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Dislodging the container ship blocking the Suez Canal could take 'days to weeks'

   March 25, 2021 7:05 AM
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by Mostafa Salem, Pamela Boykoff, Mick Krever and Reuters

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Container ship blocking the Suez Canal Vessel jamming world's busiest trade routes
(CNN) Shipping experts believe it could take days or even weeks to free the 224,000-ton vessel that is wedged across the Suez Canal, blocking one of the world's busiest waterways since Tuesday.

The Ever Given, a container ship almost as long as the Empire State Building is tall, ran aground on March 23 after being caught in 40-knot winds and a sandstorm that caused low visibility and poor navigation, the Suez Canal Authority (SCA) said in a statement.

Dislodging the vessel could take "days to weeks, depending on what you come across," according to Peter Berdowski the CEO of Boskalis, whose sister company SMIT salvage is now working to free the ship.

Berdowski told Dutch TV on Wednesday that his company had determined it was impossible to free the ship with its current cargo on board. "The ship with the weight that it [has] now has is impossible to pull," he said. "You can forget about that."

The first step would be to remove fuel oil and ballast water from the ship, he added, and try to move it at high tide. If that doesn't work, staff will have to remove containers and try to dig or flush away the sand banks in which the ship is now lodged, Berdowski said.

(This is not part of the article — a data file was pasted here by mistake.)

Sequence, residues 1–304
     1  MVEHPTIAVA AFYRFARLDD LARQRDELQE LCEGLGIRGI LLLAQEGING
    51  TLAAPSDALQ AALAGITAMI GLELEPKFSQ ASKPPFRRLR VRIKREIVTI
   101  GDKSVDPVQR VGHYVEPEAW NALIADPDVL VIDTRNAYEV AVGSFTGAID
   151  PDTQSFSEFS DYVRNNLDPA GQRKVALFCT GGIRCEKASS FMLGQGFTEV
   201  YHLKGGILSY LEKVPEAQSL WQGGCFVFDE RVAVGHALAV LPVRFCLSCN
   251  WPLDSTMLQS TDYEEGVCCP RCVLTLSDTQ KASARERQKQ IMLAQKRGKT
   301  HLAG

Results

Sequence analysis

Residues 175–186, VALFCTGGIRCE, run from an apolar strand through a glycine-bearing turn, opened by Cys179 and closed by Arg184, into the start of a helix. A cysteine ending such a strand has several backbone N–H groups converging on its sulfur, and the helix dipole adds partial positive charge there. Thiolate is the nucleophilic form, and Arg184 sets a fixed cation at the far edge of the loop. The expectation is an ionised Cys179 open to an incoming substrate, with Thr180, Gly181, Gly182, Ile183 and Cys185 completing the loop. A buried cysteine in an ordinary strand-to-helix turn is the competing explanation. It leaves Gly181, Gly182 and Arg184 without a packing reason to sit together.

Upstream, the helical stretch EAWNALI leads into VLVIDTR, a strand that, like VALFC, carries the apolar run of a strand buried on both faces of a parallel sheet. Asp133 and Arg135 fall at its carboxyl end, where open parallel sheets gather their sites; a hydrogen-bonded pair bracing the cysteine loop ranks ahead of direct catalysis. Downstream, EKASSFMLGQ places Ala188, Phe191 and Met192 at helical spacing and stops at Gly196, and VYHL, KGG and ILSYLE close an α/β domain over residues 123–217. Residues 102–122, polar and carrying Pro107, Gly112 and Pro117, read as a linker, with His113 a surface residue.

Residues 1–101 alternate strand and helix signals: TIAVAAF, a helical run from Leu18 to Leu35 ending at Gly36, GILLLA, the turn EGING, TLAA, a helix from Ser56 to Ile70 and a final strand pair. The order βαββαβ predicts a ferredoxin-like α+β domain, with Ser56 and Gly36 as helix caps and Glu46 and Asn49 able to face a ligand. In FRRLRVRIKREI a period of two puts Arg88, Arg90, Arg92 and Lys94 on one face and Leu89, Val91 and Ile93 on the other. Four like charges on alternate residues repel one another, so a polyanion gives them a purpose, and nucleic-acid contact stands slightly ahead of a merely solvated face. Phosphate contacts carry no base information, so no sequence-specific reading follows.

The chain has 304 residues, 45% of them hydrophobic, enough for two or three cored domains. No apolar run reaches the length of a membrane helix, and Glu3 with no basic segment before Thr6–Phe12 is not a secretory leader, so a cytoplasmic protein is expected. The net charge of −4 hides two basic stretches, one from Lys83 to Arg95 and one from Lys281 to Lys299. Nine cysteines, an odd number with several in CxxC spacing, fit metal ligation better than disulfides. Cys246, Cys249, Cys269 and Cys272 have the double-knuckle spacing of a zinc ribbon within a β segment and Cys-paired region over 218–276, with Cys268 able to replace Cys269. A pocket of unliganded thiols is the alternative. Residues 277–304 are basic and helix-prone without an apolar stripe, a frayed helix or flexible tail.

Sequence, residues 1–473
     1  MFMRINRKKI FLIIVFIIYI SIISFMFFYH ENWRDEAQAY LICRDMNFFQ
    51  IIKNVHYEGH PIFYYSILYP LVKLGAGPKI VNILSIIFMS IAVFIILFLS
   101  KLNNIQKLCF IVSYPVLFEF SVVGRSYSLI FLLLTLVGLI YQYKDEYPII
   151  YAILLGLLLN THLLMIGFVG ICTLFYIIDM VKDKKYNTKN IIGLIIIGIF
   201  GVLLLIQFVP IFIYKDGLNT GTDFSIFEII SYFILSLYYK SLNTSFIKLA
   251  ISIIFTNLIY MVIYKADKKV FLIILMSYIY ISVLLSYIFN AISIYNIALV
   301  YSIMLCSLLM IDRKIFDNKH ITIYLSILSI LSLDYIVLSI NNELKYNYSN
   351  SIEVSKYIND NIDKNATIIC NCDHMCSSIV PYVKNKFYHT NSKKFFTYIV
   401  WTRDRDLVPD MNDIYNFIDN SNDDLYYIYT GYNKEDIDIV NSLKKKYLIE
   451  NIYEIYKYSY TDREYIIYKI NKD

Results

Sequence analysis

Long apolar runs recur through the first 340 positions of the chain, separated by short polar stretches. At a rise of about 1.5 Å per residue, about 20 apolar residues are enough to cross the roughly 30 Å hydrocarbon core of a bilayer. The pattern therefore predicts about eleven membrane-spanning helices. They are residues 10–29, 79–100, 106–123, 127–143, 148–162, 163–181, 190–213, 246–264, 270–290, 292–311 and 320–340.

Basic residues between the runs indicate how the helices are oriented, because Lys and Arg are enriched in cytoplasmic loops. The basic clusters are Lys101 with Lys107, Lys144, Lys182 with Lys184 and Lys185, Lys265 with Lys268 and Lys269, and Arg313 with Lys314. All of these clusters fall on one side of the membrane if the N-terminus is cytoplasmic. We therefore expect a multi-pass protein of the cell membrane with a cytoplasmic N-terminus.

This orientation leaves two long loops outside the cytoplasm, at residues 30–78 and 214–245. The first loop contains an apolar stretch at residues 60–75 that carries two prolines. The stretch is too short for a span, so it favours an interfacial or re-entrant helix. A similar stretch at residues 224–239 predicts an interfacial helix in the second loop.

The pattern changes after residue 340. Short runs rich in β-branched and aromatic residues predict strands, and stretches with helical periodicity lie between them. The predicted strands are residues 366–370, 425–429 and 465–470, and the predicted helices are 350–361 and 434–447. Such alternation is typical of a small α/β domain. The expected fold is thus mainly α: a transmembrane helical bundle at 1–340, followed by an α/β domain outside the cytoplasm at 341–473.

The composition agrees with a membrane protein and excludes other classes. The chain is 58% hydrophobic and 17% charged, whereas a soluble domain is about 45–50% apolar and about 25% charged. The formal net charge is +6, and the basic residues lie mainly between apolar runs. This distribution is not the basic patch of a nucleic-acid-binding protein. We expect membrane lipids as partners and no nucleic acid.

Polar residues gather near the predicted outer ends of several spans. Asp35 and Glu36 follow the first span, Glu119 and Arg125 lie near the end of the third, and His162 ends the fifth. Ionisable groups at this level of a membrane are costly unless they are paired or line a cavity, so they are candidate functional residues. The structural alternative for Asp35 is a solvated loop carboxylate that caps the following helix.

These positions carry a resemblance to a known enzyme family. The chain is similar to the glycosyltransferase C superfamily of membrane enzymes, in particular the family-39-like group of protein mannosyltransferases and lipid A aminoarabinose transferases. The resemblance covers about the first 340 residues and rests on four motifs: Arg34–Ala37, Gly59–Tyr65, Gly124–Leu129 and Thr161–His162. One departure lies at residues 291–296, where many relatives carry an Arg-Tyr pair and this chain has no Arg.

SMIT has worked on several high-profile salvage operations in the past, including the Costa Concordia, which was grounded off the coast of Italy in 2012. A senior canal pilot at the SCA told CNN Wednesday that re-floating the massive vessel is "technically very complicated" and could take days. The official -- who spoke on condition of anonymity as he's not authorized to speak to the media -- said the equipment to float the ship is available but it depends on how it is used. "If the method is not correct it might take a week, and if it's done well it might take two days," he said. The SCA has officially suspended traffic in the waterway as efforts continue to dislodge the vessel jamming up one of the world's busiest trade routes. The vessel, which measures 400 meters long and 59 meters wide, continues to block transit in both directions through the key shipping channel. Dozens of cargo vessels carrying vital goods remain stranded at both ends of the canal.

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